The Muscle Shoals Music Foundation confirmed Hawkins’ death to AL.com. In recent years, Hawkins suffered from myriad health problems, including chronic obstructive pulmonary disease (COPD), and died after an extended illness.

“We are going to miss his funny memes and texts and calls to us at the studio,” Muscle Shoals Music Foundation executive director Debbie Wilson said. “He had such a great sense of humor and loved to talk about drumming always.”

Born in Mishawaka, Indiana and a longtime Shoals resident, Hawkins played on classic R&B and rock hits including: “Mustang Sally” by Wilson Pickett; “When a Man Loves a Woman” by Percy Sledge; “Respect,” “Chain of Fools” and “Think” by Aretha Franklin; “I’ll Take You There” by The Staple Singers; “Old Time Rock and Roll” by Bob Seger; “Slip Away” by Clarence Carter; and many others.

Perhaps his most immortal groove, and he created many of those, powers 1966 Pickett smash “Land of 1000 Dances.” Particularly the infectious breakdown pattern, played on Hawkins’ gold-sparkle Ludwig kit and Speed King kickdrum pedal. That beat has shook many tailfeathers and souls. And always will.

During a 2019 interview, Hawkins told me he didn’t know why his beats had stood the test of time so well. “I never sat around and thought, ‘I’m going to make up the part that’s going to be known for 40 years. It was just doing what you felt.”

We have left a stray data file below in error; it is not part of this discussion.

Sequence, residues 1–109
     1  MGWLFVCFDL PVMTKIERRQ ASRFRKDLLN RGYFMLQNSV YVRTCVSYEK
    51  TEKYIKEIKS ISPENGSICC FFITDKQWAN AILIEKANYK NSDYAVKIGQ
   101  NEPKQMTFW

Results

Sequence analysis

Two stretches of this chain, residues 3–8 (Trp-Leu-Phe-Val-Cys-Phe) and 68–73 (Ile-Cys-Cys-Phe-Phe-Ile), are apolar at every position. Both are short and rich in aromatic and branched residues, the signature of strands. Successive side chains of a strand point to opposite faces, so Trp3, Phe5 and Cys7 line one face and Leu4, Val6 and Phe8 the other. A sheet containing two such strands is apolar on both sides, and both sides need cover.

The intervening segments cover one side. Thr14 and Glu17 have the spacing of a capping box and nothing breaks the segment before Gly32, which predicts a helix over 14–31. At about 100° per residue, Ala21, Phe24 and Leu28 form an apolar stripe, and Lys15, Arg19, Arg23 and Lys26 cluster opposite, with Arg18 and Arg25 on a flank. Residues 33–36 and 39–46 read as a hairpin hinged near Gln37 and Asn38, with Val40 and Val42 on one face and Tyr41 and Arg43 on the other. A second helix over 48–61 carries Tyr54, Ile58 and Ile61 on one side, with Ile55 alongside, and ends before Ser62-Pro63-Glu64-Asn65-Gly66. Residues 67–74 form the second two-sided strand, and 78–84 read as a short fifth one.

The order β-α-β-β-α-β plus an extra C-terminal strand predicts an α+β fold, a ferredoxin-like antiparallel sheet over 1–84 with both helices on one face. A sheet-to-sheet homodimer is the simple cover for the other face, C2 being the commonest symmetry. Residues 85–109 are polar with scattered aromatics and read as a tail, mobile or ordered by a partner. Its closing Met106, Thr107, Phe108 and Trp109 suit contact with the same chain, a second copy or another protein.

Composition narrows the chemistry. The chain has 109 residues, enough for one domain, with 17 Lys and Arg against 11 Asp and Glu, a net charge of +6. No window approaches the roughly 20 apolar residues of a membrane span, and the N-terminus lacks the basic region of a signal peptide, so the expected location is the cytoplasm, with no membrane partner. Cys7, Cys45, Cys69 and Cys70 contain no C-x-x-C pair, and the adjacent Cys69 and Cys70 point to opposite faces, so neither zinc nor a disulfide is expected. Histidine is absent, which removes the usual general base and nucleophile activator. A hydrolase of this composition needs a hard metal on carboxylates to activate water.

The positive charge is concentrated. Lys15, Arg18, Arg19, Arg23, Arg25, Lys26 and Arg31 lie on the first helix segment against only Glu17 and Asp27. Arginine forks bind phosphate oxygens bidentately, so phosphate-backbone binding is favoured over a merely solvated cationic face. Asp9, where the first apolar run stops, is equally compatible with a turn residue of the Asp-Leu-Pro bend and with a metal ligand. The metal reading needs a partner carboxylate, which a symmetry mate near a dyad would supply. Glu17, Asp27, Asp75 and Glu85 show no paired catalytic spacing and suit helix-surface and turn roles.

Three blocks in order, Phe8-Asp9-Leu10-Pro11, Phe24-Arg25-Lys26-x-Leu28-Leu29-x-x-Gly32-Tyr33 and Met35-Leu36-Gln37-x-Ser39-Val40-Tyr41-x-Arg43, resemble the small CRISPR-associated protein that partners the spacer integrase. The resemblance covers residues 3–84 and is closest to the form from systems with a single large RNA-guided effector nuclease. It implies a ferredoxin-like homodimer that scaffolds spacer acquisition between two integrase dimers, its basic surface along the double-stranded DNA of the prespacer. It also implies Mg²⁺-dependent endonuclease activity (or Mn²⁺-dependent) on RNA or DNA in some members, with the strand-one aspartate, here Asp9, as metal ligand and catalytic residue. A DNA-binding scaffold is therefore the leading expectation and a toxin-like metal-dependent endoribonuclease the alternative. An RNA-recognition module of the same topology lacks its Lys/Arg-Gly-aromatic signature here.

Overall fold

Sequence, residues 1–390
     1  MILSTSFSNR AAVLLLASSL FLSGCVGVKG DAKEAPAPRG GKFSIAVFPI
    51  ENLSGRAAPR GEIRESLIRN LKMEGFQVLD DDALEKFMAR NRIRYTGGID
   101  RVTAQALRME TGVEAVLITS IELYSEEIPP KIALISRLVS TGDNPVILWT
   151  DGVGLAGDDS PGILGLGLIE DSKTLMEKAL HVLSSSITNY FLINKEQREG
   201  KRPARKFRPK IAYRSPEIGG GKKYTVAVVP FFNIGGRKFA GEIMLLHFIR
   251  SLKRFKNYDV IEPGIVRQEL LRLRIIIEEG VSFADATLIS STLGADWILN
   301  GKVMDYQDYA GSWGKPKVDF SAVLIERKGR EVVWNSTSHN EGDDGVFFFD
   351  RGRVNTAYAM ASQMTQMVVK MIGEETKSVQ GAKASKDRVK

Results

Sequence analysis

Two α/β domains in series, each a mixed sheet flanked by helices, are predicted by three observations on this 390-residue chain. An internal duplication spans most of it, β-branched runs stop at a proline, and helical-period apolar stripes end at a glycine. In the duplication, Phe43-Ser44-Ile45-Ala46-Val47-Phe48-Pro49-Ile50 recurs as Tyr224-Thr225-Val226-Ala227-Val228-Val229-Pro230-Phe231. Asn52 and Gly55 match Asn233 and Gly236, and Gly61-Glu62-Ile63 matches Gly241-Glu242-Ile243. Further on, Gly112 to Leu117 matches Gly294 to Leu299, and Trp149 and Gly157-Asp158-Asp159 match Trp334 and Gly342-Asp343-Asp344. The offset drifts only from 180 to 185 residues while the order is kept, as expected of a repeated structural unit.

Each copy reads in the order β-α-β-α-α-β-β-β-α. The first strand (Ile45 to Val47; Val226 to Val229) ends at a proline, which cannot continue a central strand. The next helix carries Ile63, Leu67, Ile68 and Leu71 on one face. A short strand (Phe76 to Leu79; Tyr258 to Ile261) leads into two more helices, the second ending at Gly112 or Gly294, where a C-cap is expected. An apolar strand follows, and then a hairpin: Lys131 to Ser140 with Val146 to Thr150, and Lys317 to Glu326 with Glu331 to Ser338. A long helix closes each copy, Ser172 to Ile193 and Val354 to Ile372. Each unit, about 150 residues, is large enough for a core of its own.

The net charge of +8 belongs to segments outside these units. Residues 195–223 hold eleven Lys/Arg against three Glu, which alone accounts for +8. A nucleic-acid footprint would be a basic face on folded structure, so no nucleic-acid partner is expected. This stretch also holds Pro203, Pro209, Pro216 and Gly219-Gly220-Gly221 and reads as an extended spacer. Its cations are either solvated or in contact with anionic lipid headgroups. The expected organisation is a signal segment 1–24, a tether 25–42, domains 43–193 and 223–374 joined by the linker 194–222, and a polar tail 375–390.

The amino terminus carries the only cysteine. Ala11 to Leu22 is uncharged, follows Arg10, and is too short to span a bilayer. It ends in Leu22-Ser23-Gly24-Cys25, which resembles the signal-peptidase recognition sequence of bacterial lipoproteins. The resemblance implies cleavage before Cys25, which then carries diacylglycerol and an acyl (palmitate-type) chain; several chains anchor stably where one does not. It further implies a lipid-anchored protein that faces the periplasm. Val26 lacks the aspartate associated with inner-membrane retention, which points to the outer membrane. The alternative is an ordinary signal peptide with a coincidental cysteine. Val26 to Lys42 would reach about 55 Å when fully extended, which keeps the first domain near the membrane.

Photo by Deborah Feingold

Hawkins’ passing leaves bassist David Hood as the only surviving Swamper. Guitarist Jimmy Johnson died in 2019 and keyboardist Barry Beckett in 2009.

“I was a better listener than I was a player and I think the other guys were too,” Hawkins said in 2019. “Because they loved music and they had catalogs of music in their brains, just like I had a catalog of stuff where I could pull out certain things and make it work with newer stuff.”

The Swampers’ funky, empathetic accompaniment made them music’s hit-making secret sauce, in the mid ’60s at Muscle Shoals’ FAME Studios and then their own Muscle Shoals Sound in Sheffield, founded in1969.

“We didn’t really plan it that way, but looking back now we all lived virtually within minutes of where we went to work every day,” Hawkins said in 2019. “And we loved what we were doing. And when we were in that studio nothing else mattered. We had such a good time making things sound like what we wanted them to sound like, hoping people would like what we’re doing.”

RELATED: The 20 best songs ever recorded in Muscle Shoals

Hawkins first became interested in rhythms while watching services at his Pentecost church as a youth. Soon he was beating on pans and pots at home, using crochet needles instead of drumsticks.

From there, he saved up two bucks or so for some real drumsticks, and later brushes, and would sit on the floor in his family’s home and drum on cannisters, tinfoil and, later, a practice pad. He did this for three years before his father finally bought him a used three-piece Slingerland drumkit when Hawkins was age 13. He’d been drumming without drums, just those sticks and brushes, for at least three or four years.

With actual drums to play on now , Hawkins was thrilled. “Put them in the living room and I slept on the couch so when I would wake up I would see the drums,” Hawkins said. “I wanted to make sure they were still there, and I couldn’t believe it. I did a lot of playing on those little drums.”